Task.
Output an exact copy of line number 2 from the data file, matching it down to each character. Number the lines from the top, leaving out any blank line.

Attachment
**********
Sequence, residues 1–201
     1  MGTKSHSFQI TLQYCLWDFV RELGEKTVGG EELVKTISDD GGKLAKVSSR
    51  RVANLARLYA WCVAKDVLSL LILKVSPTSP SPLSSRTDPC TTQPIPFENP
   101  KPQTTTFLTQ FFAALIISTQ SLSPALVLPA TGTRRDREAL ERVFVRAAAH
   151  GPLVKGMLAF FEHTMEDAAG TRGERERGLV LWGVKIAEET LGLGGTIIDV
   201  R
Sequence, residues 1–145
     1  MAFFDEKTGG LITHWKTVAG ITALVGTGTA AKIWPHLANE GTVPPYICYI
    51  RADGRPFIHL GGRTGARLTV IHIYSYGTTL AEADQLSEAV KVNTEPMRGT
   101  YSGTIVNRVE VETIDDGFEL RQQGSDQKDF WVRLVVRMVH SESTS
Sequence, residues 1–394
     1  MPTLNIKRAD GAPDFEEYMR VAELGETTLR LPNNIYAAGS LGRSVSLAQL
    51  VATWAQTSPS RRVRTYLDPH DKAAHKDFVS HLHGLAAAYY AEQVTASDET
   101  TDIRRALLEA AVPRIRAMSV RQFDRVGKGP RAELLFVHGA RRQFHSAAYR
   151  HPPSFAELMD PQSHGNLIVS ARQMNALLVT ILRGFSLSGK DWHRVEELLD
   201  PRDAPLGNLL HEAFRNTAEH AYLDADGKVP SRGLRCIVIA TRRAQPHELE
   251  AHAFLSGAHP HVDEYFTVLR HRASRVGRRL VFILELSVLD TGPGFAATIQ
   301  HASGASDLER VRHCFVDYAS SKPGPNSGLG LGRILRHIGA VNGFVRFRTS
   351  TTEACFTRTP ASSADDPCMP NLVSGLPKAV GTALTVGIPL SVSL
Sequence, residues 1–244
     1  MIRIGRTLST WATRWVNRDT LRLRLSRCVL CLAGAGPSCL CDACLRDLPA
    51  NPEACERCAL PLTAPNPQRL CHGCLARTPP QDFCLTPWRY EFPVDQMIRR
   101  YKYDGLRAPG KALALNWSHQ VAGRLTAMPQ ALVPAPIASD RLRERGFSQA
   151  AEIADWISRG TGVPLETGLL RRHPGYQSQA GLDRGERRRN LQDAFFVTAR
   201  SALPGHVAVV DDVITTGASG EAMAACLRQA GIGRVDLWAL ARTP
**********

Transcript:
     1  MGTKSHSFQI TLQYCLWDFV RELGEKTVGG EELVKTISDD GGKLAKVSSR